How Do You Measure Weight Loss Success?

April 16, 2013

by Bo McCoy, ObesityHelp VP of Operations

The adage “one man’s trash is another man's treasure” comes to mind. One man looks at a piece art and sees trash from his vantage point.  However, another man standing beside him looks and sees a treasure.  Both are right and both are wrong and this paradox defines the subjective nature of how we define standards of art and treasure but also success and failure.

Failure, weight regain, shame, and depression are all words that any person who has ever suffered from obesity can easily define but even more so when these words begin to describe a persons life after gastric bypass.   About a year ago I was at a conference with some post-operative patients and I overheard the following conversation.

The participants:

Patient A, an athletic post-op who began the journey around 250 lbs. and now weighs around 150 lbs.   (60%)

Patient B, a lessor athletic post-up than Patient B, who began the journey around 350 lbs. and now weighs around 200 lbs.  (57%)

The conversation:

Patient B speaking to Patient A, “I am just so upset that I haven’t reached my goal weight.  I’ve tried very hard but I cannot seem to reach goal”

Patient A's response, “How do you live with yourself?”

Let’s review some basic math so that we can truly see the reality of this conversation and the level of judgment that was being used against Patient B.  Surgical and medical professionals view weight in terms of excess body weight or EBW.  In order to measure efficacy, most medical professionals use a simple standard of measurement by taking the amount of weight loss and dividing it by the beginning weight.  [Weight loss maintained / beginning weight = % of weight loss]

The facts:

Patient A, began at 250 lbs. and now weighs around 150 lbs.   Take 250 lbs. (beginning) weight and subtract 150 lbs. (current weight) equals 100 lbs.   Now divide 100 / 250 and you have the amount of weight loss as a percentage.  [250 -150 = 100]  [100 / 250 = .40 or 40%].  Patient A lost 40% of their body weight.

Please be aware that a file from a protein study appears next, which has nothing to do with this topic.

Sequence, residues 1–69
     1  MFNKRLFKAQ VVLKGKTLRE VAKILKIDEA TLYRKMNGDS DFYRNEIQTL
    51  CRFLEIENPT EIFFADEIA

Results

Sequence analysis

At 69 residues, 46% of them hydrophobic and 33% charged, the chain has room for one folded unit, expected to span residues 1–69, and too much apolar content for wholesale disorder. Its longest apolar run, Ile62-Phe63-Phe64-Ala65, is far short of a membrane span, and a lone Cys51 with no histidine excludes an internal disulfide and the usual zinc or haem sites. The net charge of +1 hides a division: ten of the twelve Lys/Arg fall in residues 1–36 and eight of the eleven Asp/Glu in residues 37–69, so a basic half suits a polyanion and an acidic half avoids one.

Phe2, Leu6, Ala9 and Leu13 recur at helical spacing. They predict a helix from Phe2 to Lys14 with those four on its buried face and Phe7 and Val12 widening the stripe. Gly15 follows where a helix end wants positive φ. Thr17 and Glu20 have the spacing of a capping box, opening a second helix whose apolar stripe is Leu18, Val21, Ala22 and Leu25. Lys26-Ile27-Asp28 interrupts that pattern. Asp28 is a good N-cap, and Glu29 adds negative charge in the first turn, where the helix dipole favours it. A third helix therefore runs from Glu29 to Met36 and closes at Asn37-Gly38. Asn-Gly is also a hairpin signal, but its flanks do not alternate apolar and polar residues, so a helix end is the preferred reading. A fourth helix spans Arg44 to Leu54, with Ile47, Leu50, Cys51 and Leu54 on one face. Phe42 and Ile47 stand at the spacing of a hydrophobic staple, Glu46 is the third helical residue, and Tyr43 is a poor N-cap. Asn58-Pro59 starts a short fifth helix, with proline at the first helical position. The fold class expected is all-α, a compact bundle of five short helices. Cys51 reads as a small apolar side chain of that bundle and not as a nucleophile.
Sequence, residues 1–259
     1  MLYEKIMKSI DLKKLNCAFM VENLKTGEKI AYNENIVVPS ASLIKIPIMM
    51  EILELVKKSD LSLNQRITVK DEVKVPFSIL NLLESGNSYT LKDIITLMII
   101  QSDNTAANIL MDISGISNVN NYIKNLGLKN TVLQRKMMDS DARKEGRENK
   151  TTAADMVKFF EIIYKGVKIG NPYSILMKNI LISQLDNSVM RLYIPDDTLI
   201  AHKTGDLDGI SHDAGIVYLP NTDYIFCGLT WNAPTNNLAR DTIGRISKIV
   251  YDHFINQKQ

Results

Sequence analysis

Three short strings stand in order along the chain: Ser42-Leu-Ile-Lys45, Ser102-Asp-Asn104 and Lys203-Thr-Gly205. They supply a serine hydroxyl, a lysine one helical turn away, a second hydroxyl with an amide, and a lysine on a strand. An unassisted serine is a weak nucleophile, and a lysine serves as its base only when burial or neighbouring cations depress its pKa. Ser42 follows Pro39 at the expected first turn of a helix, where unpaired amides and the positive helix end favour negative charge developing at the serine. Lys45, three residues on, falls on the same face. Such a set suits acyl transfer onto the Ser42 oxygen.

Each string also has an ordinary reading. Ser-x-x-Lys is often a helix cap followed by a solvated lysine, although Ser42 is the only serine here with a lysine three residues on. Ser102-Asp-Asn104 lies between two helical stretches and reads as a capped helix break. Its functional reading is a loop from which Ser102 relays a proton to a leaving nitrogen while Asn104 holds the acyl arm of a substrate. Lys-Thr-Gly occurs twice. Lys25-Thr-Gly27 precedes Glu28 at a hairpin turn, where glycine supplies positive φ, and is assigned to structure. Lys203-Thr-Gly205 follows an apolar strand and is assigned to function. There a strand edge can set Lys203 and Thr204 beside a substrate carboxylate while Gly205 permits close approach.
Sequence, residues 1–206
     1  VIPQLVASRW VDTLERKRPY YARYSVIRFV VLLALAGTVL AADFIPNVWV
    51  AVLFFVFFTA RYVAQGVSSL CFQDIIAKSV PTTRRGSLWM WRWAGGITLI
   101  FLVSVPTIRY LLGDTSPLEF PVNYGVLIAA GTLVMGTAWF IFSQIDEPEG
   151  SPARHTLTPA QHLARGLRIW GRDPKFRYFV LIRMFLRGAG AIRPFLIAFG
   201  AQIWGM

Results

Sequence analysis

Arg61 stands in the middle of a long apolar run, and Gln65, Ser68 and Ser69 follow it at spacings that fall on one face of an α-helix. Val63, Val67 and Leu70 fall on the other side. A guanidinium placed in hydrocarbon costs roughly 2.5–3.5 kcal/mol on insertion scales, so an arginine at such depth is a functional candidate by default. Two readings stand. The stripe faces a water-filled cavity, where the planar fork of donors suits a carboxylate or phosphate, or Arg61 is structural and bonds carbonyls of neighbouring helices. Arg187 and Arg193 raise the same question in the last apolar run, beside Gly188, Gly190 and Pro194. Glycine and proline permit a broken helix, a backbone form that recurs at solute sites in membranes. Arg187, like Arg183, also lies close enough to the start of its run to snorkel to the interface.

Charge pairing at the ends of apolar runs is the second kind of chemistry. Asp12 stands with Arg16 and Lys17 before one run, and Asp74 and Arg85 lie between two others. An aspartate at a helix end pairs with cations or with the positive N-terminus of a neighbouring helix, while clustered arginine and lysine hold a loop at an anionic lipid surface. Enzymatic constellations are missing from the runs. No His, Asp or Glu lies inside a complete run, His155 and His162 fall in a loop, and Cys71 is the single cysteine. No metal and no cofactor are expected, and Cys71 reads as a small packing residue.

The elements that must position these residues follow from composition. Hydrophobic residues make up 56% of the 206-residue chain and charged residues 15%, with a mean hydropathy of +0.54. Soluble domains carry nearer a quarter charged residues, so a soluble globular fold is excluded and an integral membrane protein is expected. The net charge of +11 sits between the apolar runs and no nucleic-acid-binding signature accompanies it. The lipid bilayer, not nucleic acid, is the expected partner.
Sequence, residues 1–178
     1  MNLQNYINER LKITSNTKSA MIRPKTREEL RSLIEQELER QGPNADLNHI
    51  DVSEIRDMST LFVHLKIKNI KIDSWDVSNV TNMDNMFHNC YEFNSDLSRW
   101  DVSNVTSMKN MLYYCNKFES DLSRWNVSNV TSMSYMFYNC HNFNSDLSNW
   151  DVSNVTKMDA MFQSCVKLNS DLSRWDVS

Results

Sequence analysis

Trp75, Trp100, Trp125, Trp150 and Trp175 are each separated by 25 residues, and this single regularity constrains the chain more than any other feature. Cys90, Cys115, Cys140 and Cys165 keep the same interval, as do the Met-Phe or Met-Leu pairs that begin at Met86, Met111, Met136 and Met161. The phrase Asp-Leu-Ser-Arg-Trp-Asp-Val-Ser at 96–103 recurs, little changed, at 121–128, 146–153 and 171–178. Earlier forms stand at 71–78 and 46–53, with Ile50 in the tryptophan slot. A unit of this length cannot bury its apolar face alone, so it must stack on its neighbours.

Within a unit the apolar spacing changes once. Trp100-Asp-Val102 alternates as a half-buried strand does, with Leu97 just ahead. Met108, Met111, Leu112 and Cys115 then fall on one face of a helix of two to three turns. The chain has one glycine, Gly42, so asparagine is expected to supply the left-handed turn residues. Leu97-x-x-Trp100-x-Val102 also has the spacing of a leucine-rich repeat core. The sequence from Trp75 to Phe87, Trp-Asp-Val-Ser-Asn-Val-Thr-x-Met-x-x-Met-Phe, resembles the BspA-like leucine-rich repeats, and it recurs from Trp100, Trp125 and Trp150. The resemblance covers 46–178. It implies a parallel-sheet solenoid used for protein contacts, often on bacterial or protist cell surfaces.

Patient B began at 350 lbs. and now weighs around 200 lbs.   Take 350 lbs. (beginning) weight and subtract 200 lbs. (current weight) equals 150 lbs. Now divide 150 / 350 and you have the amount of weight loss as a percentage.  [350 -200 = 150]  [150 / 350 = .43 or 43%].  Patient B lost 43% of their body weight.

Are you surprised to learn that Patient B has actually lost a greater percentage of weight than Patient A?  Most people would be.  In fact, most people will deem Patient A more successful because they most likely look “thinner’ than Patient B.  We judge each other and ourselves on standards like this all time.  However, in reality both patients have done very well.

If we were judging purely on weight then Patient A would be a greater success story.  However, what If I told you that Patient A is five foot tall and Patient B is nearly six foot tall.  Would that change your opinion?  It should because now we are talking about the BMI for each patient.  In this scenario, I do not know the exact height of each of the two patients but BMI can be calculated and used to determine weight loss efficacy if the data is known.

Now what if I told you that Patient B, while not athletic, is very healthy and enjoys an active social life and was once featured in a national advertising campaign.  How would you feel now about Patient B?  Do you think Patient B has any reason to be feeling down-in-the-dumps?  If not; then why do you think people like Patient B get depressed?  Could it be because of the judgmental attitudes of their peers?

Success and failure is in the eye of the beholder.  If you allow the Patient A’s of the world to define your success then you might be very depressed indeed.  However, if you define your success not just by weight loss but lifestyle improvement, social activity, general health, co-morbidity resolution, and improved life expectancy you are truly successful.   You are a success if you want to be.

Questions to consider:

  • How would you respond to Patient A?
  • What would you say to Patient B?
  • What does it mean to be successful weight loss patient to you?